PORT TOWNSEND — Six new stories, straight from the minds of local playwrights, are about to spill onto the stage of the Key City Public Theatre.
It’s Locals Weekend, the first bloc of the 24th annual PlayFest showcase of brand-new works: Key City Public Theatre’s two week-event starting this Friday with the free kickoff happy hour at 6:30 p.m. At the playhouse at 419 Washington St., the six winners of the Port Townsend Arts Commission’s annual one-act playwriting competition will see their scripts given full productions and staged readings.
“This is the first time ever, in the world, that these plays and these characters are coming alive,” said KCPT Artistic Associate Brendan Chambers. Together, the writers — from around Jefferson County — and the actors will shape the plays together.
Four one-act productions form the first showcase at 7:30 p.m. Friday: “Adults” by Angela Gyurko, “Geointerfering Inc. Bored’s Eye View” by Leonard D. Goodisman, “First Mountain” by D.D. Wigley and “Tea” by Doug Given.
“Adults” is about the drama that is high school, said Gyurko, the Port Townsend playwright whose play “Triangles” was part of the 2018 PlayFest. This new one’s title is inspired, she said, by the idea that it’s sometimes hard to tell who the true adults are.
In addition to the one-act productions, two more short plays, “Oh, My! God?” by Jim Gormly and “Timeless” by Wynne Stevens, will have their first onstage readings Saturday and Sunday.
The professional directors and actors who are cast and crew of these plays stage them on simple sets; emphasis is on the script, said Denise Winter, KCPT’s artistic director who has been evolving PlayFest for 10 years now.
Locals Weekend provides a gateway to the rest of the festival. Two full-length plays arrive next week: “Upon This Rock” by Chris Hawley of Port Townsend, and a tale with the working title “Blue Velvet” by featured playwright A.P. Andrews of Los Angeles. Andrews, now a television screenwriter busy in Hollywood, is author of the “Nebraska Cycle” and “Seaside Cycle” series of plays, and has had his works produced from London to New York and from Idaho to North Carolina. The prolific writer will lead two workshops in Port Townsend: the playwriting class free and open to all March 14 and the playwriting intensive March 15.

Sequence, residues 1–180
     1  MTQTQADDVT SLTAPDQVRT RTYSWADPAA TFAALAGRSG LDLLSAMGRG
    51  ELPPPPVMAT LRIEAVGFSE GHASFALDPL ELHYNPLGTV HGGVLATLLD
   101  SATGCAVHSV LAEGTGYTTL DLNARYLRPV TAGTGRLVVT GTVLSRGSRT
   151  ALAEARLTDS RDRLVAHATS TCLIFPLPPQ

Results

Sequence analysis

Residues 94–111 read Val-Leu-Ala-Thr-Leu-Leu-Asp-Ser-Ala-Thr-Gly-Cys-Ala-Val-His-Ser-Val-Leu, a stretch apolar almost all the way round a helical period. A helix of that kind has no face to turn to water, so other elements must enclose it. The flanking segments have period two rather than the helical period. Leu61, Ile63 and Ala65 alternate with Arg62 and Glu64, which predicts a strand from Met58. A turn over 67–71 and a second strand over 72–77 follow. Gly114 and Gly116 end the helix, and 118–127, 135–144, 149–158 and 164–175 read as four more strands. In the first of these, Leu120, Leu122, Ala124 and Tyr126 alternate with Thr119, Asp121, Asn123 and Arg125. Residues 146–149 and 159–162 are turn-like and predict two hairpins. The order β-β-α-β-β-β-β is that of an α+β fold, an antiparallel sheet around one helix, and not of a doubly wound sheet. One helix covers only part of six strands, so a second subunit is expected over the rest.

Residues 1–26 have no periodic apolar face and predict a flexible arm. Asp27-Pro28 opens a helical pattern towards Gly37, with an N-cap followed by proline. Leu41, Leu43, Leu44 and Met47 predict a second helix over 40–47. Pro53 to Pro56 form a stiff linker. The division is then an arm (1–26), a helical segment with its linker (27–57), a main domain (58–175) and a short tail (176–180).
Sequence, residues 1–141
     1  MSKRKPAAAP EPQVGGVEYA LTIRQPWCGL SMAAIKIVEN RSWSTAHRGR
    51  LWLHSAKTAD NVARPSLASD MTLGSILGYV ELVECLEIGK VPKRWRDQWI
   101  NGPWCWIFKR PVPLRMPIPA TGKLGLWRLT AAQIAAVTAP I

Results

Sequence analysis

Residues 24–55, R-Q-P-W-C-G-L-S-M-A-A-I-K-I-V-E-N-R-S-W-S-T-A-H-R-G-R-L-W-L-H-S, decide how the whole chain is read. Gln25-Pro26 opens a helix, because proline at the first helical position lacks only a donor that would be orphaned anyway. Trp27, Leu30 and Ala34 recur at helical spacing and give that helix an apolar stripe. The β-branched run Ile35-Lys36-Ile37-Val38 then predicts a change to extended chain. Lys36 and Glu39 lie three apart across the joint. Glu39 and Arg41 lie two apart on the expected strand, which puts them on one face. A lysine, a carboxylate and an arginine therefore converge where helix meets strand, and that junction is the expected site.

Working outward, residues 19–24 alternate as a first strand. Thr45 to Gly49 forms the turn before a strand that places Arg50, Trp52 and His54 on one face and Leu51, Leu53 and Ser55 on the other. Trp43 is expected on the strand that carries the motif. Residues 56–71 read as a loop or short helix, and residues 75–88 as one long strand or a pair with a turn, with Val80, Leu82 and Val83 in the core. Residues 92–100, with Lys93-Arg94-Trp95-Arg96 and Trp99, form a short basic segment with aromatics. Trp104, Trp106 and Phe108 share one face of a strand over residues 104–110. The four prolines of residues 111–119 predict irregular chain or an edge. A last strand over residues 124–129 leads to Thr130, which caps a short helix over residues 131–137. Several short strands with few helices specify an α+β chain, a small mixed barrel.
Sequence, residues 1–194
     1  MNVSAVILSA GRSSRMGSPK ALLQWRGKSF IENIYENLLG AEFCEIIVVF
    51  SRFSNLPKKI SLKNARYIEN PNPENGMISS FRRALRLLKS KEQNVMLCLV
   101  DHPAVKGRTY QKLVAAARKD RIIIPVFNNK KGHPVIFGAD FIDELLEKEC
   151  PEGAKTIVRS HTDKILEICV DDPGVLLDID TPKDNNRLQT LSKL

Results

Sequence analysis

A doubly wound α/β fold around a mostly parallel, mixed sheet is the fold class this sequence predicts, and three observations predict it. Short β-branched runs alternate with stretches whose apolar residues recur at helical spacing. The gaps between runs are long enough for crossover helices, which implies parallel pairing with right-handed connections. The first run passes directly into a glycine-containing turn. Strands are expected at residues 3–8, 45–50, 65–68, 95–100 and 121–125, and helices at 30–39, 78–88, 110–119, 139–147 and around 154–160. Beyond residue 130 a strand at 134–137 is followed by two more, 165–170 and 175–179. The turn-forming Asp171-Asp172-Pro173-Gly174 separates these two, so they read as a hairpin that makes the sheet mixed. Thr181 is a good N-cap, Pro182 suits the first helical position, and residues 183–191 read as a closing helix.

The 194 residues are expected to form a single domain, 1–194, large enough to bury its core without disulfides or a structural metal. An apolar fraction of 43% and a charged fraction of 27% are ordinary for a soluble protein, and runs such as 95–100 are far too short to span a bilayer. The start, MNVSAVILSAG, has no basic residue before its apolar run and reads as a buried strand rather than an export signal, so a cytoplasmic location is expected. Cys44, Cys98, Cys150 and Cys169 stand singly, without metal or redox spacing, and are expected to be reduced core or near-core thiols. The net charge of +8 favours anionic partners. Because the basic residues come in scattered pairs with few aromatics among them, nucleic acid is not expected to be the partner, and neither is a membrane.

While single tickets range from $10 to $20, festival passes may appeal to those who want to attend three or more events, Winter noted.
“You can see everything for $35,” she said, adding that this all-access ticket aims to bring in good-sized audiences, which make a big difference in the performances of the new plays.
“You can come back and see them again,” Winter said of the one-acts and full-length productions, which are staged both this weekend and next. These plays change over the course of the festival, as actors, audiences and writers experience the material on stage.
A Writer’s Pass, which includes all plays plus March 15’s three-hour intensive class, is also available for $95. Those who participate in PlayFest may become the writers of future offerings at KCPT, Winter said; the annual One-Act Playwriting Competition takes entries in late summer, with information posted on www.keycitypublictheatre.org. The Port Townsend Arts Commission has sponsored the contest — open to strictly Jefferson County residents — for many years, “a big win for the community,” she said.
In these days of revivals and sequels, PlayFest is all about newness, added Chambers.
“It’s so important to create new work.”
Diane Urbani de la Paz, a former features editor for the Peninsula Daily News, is a freelance writer living in Port Townsend.